Tuesday, February 15, 2011

It is internal silence that counts

"We are religious. We are different. So we cannot expect the world to accept silence and treasure it as we have done. We cannot expect traffic cops to throw away their whistles or bus drivers to disconnect their horns. We cannot expect merchants to haggle in low, subdued voices; or cab drivers to transport their fares beneath a cloud of deep, sepulchral quiet. We cannot expect any of these things. We do not expect them. We cannot hope that silence will subdue noise. We do not believe it is possible. But we do believe that if people said less, made less noise, they would be wiser. And with that wisdom would come the ability to cope more adequately with the complexities of living.

Noise and talk have not made us less human, but they have med us less wise. Because of it, we have sometimes crippled the growth of our culture and impeded the development of our knowledge. And the fact that some Americans have failed to adjust their mighty voices to their little worlds has turned them into some of the greatest bores on the face of the earth.

None of us should be too proud or too ashamed to admit that we have spoken too much and too often for our own good. And if some friend loves us enough to say, "shut your mouth," we should not condemn him for his insolence, but thank him for his advice. It is only too bad that God did not furnish zippers with every mouth He made. For if He had, we might more easily become intellectual giants. We might more easily become saints.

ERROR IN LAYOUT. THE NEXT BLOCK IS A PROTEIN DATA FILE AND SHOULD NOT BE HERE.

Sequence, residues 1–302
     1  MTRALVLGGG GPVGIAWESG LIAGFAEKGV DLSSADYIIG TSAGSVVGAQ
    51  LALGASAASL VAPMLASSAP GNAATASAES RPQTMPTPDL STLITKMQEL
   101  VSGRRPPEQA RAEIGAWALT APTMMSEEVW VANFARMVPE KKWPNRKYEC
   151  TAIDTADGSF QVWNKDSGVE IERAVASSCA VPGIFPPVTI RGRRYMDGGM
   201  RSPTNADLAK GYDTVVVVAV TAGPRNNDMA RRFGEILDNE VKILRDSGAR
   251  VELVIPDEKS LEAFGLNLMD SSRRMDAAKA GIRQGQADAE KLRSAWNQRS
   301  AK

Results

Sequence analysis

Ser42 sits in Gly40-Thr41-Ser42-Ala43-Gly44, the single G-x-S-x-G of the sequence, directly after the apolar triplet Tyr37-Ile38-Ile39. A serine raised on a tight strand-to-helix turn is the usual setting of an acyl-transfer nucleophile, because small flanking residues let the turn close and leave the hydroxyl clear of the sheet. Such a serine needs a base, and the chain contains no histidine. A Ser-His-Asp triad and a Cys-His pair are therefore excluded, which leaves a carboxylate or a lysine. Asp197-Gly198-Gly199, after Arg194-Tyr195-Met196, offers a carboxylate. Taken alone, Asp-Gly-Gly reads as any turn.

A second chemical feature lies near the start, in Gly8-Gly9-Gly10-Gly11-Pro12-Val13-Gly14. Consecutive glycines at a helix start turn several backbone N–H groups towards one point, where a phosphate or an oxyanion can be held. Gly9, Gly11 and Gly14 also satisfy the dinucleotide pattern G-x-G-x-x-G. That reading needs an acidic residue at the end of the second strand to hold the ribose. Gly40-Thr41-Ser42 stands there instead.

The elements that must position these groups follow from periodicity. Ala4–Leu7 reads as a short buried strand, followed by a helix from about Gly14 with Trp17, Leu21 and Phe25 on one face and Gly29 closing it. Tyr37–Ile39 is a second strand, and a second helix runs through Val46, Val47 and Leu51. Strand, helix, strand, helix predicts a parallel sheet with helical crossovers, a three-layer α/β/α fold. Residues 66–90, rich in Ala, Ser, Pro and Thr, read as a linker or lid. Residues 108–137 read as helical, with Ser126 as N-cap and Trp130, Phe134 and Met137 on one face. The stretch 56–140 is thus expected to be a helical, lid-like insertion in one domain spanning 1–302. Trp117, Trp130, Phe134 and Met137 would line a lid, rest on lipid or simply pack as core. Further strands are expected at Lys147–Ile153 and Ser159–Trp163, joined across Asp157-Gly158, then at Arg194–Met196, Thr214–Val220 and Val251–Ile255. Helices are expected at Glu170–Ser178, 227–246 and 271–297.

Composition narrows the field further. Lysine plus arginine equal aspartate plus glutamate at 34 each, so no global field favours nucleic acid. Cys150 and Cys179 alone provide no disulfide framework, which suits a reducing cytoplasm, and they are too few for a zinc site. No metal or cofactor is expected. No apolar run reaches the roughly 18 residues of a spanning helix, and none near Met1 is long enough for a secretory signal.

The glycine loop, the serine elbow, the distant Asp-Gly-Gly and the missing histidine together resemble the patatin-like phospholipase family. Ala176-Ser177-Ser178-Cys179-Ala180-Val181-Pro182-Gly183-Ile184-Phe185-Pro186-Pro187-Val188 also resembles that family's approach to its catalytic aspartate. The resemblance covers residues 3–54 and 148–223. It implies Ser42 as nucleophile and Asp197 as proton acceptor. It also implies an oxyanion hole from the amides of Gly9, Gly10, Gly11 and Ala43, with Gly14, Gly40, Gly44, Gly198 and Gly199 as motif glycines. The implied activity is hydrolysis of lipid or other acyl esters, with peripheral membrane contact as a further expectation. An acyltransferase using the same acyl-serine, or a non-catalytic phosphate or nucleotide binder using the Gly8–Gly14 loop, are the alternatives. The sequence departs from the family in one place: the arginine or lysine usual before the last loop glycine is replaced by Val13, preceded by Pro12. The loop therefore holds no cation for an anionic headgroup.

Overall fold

So when the five o'clock bell rings on these dark winter evenings, we go into our grand silence. We do this in an effort to achieve through external silence, the great prize, internal silence. For it is internal silence that counts; it is the internal silence that gives us the power to remain unruffled, ever calm, ever the master of our surroundings. And blessed is he who can remain unruffled before the wild antics of modern civilization."

-- Men in Sandals by Fr Richard Madden, ocd

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